While Australia's strategic shift to Asia is welcomed, its revolving-door politics could be cause for concern if its relations with regional powers fluctuate as a result
In late June, visiting Singapore to ink the Comprehensive Strategic Partnership (CSP) with Prime Minister Lee Hsien Loong, then Australian Prime Minister Tony Abbott dropped by at the Religious Rehabilitation Group's centre in Geylang Road.
There, chatting with two imams, the former Oxford boxing Blue, known for never meeting a punch he couldn't block with his face, showed an unusually sensitive side.
"I once trained to be a Catholic priest," he told the two Muslim preachers quietly, after hearing how Singapore tries to put radicalised youth on the correct religious path. "I know very well the phenomenon of young people trying to do their best for God and flipping over into something dangerous."
The CSP spans some 80 initiatives across multiple fields, covering cooperation in areas such as anti-terrorism, investments, employment and, in particular, defence. It ties down a relationship whose intensity is not often recognised, or evident to all.
It stands for the record that the initiative came from Mr Abbott and was the most successful, and promising, of his Asia-facing initiatives. Indeed, the scale of his ambition was such that he wanted his nation's ties with Singapore at the same intensity as those with New Zealand.
To understand the significance of this initiative, you must note that Mr Abbott - who was unseated this week in a party coup - came into office promising "more Jakarta, less Geneva".
Ties with Jakarta have waned significantly since President Joko Widodo took power. Certainly, they are nothing like those that marked the heydays of the Kevin Rudd- Susilo Bambang Yudhoyono lovefest. Some years ago, Canberra might even have considered Kuala Lumpur to make the offer of a close strategic partnership.
THE MERLION AND THE AUSSIE LAMB
That Mr Abbott came to Singapore for the grand bargain speaks for something. Clearly, just as Asia is taking stock of itself, the world is reassessing Asia as well, and making some decisive conclusions.
Still, it takes a particular type of leader to have the strength of conviction to go by his gut instinct, rather than the multi-hedged position papers submitted by bureaucrats and think-tank types. Then United States President George W. Bush, the choker-on-pretzels, displayed such a quality in 2005, when he signed the landmark civilian nuclear deal with India.
"The second-largest Muslim population in the world, and no Al-Qaeda," an impressed Mr Bush reportedly told his wife at the time.
Today, the US and India are building one of the most serious strategic alliances taking shape in the world. Indeed, thanks to this, the new buzzword for the Asia-Pacific is "Indo-Pacific".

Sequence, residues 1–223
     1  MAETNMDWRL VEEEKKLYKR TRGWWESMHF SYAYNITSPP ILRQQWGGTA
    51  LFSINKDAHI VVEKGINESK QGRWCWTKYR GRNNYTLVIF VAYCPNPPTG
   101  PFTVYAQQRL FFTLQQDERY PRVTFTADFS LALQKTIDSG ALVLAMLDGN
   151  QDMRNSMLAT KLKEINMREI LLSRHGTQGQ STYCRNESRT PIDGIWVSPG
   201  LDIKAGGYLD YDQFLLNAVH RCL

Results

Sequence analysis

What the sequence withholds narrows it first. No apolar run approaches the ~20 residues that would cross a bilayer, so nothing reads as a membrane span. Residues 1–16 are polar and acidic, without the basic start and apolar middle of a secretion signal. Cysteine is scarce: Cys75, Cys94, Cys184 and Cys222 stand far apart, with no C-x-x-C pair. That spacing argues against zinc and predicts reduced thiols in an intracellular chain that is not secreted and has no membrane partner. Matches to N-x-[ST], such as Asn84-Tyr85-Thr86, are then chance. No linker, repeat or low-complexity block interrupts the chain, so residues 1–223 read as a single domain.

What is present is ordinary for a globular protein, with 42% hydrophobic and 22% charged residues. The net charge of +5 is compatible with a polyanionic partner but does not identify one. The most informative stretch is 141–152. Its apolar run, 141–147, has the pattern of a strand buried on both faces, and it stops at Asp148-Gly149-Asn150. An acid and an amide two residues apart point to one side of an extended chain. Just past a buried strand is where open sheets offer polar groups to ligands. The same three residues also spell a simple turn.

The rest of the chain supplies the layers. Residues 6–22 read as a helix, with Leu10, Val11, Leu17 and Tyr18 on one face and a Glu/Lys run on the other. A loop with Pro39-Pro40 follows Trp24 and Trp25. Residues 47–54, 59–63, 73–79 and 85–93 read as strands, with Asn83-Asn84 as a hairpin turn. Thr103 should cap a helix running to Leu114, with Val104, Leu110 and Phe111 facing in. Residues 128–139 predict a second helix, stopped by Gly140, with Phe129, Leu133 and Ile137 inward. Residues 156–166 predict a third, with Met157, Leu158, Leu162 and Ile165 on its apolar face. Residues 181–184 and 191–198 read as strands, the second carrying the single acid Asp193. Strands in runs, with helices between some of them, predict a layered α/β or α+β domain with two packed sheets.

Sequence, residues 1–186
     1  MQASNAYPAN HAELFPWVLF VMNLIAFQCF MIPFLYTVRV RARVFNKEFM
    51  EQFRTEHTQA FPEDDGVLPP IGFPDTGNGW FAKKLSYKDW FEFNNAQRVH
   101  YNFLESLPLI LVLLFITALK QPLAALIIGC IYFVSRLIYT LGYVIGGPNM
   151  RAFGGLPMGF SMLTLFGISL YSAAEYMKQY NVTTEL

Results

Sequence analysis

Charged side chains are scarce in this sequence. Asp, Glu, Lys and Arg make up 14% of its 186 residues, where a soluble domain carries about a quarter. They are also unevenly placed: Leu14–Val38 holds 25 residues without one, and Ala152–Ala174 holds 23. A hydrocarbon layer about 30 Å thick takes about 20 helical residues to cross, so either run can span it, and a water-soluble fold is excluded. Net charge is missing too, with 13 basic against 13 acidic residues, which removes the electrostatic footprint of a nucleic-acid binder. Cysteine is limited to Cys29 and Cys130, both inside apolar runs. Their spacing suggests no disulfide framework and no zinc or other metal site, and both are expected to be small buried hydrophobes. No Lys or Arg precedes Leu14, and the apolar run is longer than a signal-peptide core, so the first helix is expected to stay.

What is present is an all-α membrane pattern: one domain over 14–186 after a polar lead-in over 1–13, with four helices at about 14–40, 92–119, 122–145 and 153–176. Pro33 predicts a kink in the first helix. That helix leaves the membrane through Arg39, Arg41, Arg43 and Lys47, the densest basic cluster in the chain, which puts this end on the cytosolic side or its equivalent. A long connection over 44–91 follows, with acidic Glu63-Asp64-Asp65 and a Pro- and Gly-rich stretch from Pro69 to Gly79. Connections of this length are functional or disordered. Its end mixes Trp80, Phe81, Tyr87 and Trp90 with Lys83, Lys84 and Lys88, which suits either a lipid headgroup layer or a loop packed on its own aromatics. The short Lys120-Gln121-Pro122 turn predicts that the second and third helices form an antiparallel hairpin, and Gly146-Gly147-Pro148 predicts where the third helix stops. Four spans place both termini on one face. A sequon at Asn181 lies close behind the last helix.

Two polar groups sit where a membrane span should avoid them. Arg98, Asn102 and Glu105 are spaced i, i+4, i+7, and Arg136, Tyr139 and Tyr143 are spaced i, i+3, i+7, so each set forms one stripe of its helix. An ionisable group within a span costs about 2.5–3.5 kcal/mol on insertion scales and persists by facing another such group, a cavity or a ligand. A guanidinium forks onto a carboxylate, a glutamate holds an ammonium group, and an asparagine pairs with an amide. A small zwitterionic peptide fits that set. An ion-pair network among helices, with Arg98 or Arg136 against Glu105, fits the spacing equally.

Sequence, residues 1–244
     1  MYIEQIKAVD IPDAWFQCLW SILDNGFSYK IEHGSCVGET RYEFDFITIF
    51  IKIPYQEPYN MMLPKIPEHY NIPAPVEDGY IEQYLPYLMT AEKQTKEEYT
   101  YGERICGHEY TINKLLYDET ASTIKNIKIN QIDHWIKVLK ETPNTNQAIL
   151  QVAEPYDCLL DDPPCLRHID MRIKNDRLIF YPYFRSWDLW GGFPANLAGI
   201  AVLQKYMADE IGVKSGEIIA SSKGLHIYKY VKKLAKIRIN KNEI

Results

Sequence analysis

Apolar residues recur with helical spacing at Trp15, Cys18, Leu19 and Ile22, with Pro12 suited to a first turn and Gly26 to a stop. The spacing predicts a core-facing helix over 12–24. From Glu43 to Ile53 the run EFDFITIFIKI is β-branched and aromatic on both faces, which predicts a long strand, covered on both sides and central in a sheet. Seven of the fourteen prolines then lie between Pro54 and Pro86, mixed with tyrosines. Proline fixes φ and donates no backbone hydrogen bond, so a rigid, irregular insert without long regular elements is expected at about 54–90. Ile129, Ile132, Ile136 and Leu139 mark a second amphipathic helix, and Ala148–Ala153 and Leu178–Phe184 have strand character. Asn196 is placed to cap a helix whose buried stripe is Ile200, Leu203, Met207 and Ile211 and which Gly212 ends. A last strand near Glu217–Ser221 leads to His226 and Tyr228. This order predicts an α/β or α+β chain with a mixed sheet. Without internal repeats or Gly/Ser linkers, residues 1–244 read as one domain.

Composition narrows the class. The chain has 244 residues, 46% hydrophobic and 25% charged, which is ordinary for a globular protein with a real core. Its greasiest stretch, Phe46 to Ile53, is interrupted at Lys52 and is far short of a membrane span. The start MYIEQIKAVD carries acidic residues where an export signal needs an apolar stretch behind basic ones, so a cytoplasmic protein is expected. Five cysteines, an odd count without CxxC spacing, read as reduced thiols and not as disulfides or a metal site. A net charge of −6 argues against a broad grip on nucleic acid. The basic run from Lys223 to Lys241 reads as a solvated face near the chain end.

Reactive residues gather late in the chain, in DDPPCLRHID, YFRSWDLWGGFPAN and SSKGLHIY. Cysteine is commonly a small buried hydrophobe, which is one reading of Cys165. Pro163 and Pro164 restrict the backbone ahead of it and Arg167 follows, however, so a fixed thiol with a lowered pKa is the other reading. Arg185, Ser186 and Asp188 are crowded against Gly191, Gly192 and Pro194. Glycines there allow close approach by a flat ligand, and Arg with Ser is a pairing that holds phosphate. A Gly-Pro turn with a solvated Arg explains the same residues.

Mr Abbott - whose most recent gaffe was to eat a raw onion, skin and all, while on a farm visit - was perhaps going against the grain in some ways when he asked the Merlion to lay down with the Aussie lamb. Even as recently as last month, Mr Peter Varghese, the widely admired head of the Australian foreign service, described Indonesia as "the country that matters most to us in South-east Asia".
I say this because - even though Australia was perhaps the first nation to recognise independent Singapore - there have always been two types of Australian when it comes to perceptions about the smaller island.
The first affected a dim view of the Republic and its all-too-serious citizens focused on growing their economy, comparing it unfavourably with Australia's laid-back culture and freewheeling democracy.
In contrast, the right-wing in Australia had a grudging admiration for Singapore, perhaps seeing in it a nation they would like their own country to resemble in some ways.
And still, there is more. The partnership with Singapore also underscores how much Australia has snuggled up close to Asia since the turn of the century.
AUSTRALIA'S SHIFT TO ASIA
Australia was settled in the late 18th century as a British colony, and the first legislation passed there was for a White Australia policy. That instantly set up Asia as a "threat". Indeed, not too long ago, some Australian strategists made a good living by even talking up a threat from India's plans for a blue-water navy, before they switched their attention to China's regional ambitions.
However, as the saying goes, geography is destiny. In the 1970s, the White Australia policy was formally ended, and the country began its journey towards its current reality as a throbbing, multiracial entity with a large ethnic Asian population.
How Australia's racial profile had changed came to me starkly some years ago, while I was covering South Asia for this newspaper.
In early 2010, New Delhi newspapers screamed about a series of alleged racial attacks on Indians on the continent. "The buzzard of Oz", said a headline in Hindustan Times, days after the Mail Today tabloid portrayed Victoria state police as the Ku Klux Klan. There were 120,000 Indian students in Australian universities, and some parents were calling their children home.